Earlier this week, Fleury told the Pittsburgh Post-Gazette that — despite participating in on-ice workouts — he’s still dealing with concussion symptoms.

“It’s one of the toughest things I’ve been through,” he explained. “Some good days, when you think you’re back, and some bad days, when you think it’s never going to get fixed.”

The Fleury situation seems to have rankled some within the Penguins organization — like head coach Mike Sullivan, who took issue with questions about the club’s handling of Fleury.

Here’s a related series of tweets from DKonPittsburghSports’ Josh Yohe:

Game 2 of the Pens-Caps series goes tomorrow from Verizon at 8 p.m. ET (NBCSN). Matt Murray, who allowed four goals on 35 shots in the Game 1 loss, is expected to start in goal.

North Dakota loses another d-man as Kings sign LaDue

BOSTON, MA - APRIL 09:  Paul LaDue #6 of North Dakota skates against the Boston University Terriers during the second period of the 2015 NCAA Division I Men's Hockey Championship semifinals at TD Garden on April 9, 2015 in Boston, Massachusetts.  (Photo by Maddie Meyer/Getty Images)
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Keaton Thompson, Troy Stecher and now, Paul LaDue.

On Friday, the Kings announced that LaDue — the junior d-man that helped North Dakota win the Frozen Four — agreed to a one-year, entry-level deal, forgoing his senior season in the process.

LaDue, 23, was part of a talented UND blueline that also featured fellow juniors Troy Stecher — who since signed with Vancouver — and Thompson, who inked with the Ducks.

So yeah, bit of an exodus.

Thankfully for North Dakota, freshman scoring sensation Brock Boeser has already committed to returning for his sophomore campaign, while junior defenseman Gage Ausmus — a San Jose draftee — vowed to go back to school as well.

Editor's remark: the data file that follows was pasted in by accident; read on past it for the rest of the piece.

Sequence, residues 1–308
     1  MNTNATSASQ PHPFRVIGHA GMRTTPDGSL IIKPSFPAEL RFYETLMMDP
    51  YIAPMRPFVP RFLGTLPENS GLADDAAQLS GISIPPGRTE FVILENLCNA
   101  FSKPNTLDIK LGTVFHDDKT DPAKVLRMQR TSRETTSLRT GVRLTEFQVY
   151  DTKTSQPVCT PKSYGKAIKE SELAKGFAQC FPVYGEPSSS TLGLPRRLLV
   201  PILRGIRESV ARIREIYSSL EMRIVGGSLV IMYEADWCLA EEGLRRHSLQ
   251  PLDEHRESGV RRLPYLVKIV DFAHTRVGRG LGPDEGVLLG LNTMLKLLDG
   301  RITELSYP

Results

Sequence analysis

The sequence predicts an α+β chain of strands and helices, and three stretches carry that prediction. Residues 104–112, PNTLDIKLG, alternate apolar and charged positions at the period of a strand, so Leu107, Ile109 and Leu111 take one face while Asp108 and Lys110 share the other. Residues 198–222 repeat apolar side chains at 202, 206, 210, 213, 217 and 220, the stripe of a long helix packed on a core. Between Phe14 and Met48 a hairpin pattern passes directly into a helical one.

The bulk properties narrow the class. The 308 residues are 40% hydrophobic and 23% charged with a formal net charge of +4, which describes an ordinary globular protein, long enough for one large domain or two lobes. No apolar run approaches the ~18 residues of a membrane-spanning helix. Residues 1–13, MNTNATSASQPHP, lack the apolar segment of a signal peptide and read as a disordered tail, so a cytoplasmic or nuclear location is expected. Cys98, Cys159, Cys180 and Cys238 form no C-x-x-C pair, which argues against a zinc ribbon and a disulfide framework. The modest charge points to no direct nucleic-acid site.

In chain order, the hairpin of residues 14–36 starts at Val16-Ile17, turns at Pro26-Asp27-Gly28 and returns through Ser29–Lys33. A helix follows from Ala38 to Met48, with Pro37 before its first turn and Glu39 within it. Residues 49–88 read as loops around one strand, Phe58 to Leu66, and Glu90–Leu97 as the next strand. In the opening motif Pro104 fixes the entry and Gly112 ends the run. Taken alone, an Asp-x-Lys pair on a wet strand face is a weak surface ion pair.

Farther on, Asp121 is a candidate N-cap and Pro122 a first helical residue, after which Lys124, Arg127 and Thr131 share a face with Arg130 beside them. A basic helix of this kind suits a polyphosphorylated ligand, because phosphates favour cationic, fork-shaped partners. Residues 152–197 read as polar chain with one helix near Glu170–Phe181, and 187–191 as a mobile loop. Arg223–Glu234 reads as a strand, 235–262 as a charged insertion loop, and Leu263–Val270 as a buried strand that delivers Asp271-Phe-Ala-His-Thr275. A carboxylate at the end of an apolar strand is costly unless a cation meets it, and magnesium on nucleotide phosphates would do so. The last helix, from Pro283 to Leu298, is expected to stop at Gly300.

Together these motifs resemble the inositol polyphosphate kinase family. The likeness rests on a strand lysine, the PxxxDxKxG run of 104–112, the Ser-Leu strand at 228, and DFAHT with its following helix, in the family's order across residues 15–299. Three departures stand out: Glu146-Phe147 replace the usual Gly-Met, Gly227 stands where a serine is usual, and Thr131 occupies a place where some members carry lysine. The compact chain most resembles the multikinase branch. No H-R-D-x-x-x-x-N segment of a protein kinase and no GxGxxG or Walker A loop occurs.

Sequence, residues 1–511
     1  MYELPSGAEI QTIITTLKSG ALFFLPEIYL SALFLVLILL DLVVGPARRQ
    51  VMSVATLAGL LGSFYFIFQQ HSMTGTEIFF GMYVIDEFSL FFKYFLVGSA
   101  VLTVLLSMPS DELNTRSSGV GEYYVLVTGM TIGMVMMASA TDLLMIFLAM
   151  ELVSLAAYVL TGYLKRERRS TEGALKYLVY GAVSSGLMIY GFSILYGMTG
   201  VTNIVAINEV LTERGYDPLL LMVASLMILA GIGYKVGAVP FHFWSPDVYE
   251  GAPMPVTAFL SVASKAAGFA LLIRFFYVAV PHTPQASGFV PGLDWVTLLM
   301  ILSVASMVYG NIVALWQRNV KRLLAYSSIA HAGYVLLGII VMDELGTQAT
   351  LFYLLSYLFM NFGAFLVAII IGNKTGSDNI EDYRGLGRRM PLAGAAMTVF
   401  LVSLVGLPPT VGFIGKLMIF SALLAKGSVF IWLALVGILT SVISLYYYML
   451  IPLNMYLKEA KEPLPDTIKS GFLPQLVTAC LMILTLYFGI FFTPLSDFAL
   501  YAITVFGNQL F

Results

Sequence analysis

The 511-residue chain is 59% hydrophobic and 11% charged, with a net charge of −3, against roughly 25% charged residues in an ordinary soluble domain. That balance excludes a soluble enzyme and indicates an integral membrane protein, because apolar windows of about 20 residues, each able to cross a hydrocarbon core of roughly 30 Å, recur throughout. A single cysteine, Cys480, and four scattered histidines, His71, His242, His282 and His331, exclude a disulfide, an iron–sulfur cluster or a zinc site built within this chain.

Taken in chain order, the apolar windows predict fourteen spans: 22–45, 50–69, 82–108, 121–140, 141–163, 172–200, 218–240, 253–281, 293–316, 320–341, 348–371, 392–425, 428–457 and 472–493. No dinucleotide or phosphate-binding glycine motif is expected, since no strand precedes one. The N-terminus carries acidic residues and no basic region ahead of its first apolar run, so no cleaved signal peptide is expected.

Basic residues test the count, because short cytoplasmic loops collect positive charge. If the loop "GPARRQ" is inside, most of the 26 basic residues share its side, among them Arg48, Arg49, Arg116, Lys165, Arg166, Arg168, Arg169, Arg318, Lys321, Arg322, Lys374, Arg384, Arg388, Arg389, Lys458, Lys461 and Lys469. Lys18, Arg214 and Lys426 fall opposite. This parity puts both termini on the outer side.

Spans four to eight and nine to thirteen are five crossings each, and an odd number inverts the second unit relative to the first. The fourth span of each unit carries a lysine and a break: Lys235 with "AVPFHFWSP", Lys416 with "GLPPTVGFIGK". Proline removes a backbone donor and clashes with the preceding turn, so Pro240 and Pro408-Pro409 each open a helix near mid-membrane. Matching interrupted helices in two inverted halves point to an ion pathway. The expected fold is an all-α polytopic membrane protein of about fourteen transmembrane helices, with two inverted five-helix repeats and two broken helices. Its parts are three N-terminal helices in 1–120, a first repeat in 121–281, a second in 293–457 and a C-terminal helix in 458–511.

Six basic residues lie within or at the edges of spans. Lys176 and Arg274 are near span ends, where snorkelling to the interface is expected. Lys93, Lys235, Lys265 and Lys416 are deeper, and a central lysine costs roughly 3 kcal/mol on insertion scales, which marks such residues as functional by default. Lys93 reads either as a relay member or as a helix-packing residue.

As for Frozen Four MOP Drake Caggiula — a senior that was already leaving school — he’s already begun his tour of interested NHL suitors.

Per TSN, Caggiula has shortlisted six clubs: Philadelphia, Edmonton, Ottawa, Vancouver, Chicago and Buffalo.

Wilson fined for kneeing Sheary

Wilson hit
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No suspension for Capitals forward Tom Wilson. Only a fine.

That’s what the NHL’s Department of Player Safety decided after Wilson kneed Pittsburgh’s Conor Sheary last night in Washington.

The fine of $2,403.67 is the maximum allowable under the CBA, and, at the very least, it puts Wilson on official notice.

Wilson was not penalized on the play, and Sheary was able to leave the ice under his own power and remain in the game.

“We’re just going to play hockey, and the refs are going to call it the way they see it,” Penguins coach Mike Sullivan told reporters afterwards. “Our guys are going to play.”

This morning, Capitals coach Barry Trotz reportedly said of the play, “It was OK, but it wasn’t I would say necessary.”